Reel smart girls take over prime time
Independent spirited, vivacious female protagonists are increasingly finding their way in daily soaps
Picture this: a girl permanently clad in a saree, pallu demurely draped over her forehead, quietly cooking in the kitchen, with a seemingly terrified expression on her face all the time. It appears like a scene out of a prime time daily soap onIndian television.
Meanwhile, Some female protagonists of daily soaps are getting a modern makeover in their character sketch as well as their costumes. The sincere, hardworking betis or the docile, obedient bahus are now sharing airtime with some outgoing and forward thinking female protagonists who can give their male counterparts in the show, a run for their money.
Prashant Bhatt, fiction head of a Hindi GEC says, "TV functions on the policy of demand and supply and we have to be in sync with reality. I think Indian television has finally come of age and the female characters are etched in such a way that the current generation can relate to them. Today the female protagonists are modern and outgoing but that doesn't mean that they don't follow traditions and customs. They think progressively yet adhere to principles at home. There is a balance between being modern and traditional."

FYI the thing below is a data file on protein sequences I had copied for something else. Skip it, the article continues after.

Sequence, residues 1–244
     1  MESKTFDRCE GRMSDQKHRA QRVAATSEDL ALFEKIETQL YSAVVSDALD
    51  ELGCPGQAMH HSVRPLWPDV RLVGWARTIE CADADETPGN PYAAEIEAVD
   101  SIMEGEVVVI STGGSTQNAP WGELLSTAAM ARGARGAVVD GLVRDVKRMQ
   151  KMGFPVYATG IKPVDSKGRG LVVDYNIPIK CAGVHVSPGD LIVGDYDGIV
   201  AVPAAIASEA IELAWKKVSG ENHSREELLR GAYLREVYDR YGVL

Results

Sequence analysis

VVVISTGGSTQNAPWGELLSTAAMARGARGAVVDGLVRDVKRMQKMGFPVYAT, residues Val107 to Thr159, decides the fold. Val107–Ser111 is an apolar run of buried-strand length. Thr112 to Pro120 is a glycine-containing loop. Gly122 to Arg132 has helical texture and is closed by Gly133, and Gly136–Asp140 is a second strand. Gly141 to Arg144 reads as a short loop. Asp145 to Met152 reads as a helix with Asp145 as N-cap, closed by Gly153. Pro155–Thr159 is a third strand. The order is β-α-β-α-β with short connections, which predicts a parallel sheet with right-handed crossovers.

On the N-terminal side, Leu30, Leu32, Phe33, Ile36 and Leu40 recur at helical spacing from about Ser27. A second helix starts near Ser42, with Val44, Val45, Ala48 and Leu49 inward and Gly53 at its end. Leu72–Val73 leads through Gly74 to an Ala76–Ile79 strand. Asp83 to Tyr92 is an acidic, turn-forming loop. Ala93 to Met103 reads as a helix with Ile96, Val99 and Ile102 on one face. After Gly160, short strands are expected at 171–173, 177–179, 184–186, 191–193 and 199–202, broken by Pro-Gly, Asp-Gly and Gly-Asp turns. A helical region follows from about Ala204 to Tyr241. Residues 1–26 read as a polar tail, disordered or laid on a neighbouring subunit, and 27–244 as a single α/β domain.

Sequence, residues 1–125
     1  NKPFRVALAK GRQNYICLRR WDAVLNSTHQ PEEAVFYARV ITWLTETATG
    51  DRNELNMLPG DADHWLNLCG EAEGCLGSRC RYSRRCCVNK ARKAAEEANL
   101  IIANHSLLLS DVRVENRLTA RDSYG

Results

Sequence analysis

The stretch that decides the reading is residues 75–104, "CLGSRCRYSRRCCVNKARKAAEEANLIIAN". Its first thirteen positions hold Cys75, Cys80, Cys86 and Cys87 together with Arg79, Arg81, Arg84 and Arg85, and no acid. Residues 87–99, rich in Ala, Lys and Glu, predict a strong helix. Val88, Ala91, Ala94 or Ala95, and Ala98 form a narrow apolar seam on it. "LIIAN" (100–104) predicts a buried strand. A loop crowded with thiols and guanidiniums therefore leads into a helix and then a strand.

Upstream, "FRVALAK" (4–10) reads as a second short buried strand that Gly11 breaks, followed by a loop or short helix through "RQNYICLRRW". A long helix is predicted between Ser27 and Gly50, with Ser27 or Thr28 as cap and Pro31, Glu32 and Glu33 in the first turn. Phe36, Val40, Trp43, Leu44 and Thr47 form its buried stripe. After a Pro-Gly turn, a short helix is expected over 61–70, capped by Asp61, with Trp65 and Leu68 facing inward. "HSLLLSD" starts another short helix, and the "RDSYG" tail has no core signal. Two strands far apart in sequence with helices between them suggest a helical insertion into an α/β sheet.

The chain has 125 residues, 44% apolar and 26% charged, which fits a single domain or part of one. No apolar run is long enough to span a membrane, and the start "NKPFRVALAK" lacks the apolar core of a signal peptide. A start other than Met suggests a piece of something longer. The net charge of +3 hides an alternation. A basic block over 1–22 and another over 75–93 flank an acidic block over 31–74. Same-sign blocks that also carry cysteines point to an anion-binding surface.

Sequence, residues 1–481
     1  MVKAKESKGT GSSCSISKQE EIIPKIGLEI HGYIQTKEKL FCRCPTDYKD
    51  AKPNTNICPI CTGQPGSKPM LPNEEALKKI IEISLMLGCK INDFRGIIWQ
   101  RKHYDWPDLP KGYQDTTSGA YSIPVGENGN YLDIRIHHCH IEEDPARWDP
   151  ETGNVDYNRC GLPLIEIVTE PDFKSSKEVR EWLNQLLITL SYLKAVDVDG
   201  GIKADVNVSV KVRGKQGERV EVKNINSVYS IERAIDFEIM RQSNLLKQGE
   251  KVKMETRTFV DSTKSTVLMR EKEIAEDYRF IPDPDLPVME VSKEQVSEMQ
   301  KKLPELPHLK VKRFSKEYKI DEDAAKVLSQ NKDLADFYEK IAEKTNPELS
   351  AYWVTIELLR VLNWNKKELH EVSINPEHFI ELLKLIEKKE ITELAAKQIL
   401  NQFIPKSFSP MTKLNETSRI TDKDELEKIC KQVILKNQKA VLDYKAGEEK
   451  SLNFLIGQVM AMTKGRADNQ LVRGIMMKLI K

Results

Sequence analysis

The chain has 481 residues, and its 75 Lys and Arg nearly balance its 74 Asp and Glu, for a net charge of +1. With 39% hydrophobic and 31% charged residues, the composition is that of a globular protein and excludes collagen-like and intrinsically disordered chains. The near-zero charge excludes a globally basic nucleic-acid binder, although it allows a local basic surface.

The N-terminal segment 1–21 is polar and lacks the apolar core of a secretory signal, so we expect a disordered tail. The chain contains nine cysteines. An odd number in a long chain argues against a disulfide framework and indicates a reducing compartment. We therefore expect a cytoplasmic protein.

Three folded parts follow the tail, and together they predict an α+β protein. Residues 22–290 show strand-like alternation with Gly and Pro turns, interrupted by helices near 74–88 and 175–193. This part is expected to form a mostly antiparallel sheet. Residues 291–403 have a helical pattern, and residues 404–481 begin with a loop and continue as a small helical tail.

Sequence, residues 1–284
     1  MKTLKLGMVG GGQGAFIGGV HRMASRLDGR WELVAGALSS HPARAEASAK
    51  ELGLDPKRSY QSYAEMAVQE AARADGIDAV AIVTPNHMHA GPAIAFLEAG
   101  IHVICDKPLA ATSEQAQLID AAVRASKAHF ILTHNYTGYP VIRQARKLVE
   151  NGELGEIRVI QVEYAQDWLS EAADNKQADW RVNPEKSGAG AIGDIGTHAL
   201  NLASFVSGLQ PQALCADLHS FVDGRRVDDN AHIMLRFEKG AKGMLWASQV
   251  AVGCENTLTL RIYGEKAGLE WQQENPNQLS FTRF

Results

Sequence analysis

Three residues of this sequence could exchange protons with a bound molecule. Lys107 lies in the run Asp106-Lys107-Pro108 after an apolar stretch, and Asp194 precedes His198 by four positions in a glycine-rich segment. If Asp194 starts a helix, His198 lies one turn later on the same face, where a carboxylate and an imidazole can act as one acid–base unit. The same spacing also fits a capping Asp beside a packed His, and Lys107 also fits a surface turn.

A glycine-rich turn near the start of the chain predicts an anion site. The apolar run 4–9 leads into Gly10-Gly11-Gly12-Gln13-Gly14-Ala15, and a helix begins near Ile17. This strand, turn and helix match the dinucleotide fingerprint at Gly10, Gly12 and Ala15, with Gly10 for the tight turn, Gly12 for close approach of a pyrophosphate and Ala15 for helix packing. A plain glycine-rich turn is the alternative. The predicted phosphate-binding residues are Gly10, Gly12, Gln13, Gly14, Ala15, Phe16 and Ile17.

While a handful of these characters are shown to be NRI girls (Kaisa Yeh Ishq Hai..., Sanskaar..., Qubool Hai
); even the characters who have grown up in different cities in India are more outgoing in nature. Actress Roopal Tyagi of Sapne Suhane...
says, "The show that I am doing is very different from the usual saas-bahu shows we have seen till now and my character is that of a realistic girl-next-door. Gunjan is not the typical ideal bahu that we normally see on TV. But Gunjan is someone most young girls can relate to. She is modern yet not too glamorous." ActressSanaya Irani
, who plays the title character in Chhanchhan, also describes her character as that of "a free spirited independent girl who is modern yet deeply rooted in culture."
TV's male hotties, who hogged the limelight till now in shirtless or towel scenes by flaunting their perfectly-sculpted bodies, are now getting strong competition from actresses clad in pretty one-pieces and stylish modern sarees. Producer Manish Goswami of Kaisa Yeh Ishq Hai...Ajab Sa Risk Hai, says, "Change is always welcome. If the audience is convinced by the main protagonist, it works. The lead actress in our show may be very modern as she is born and brought up in Singapore, but she justifies the parameters of what a heroine is expected to do in a daily soap."
Female leads are not just taking a step forward in the fashion world, but are also increasingly shedding some inhibitions and taking the reins of their lives in their own hands. Whether this change whips up the required TRPs or not, is something only time will tell.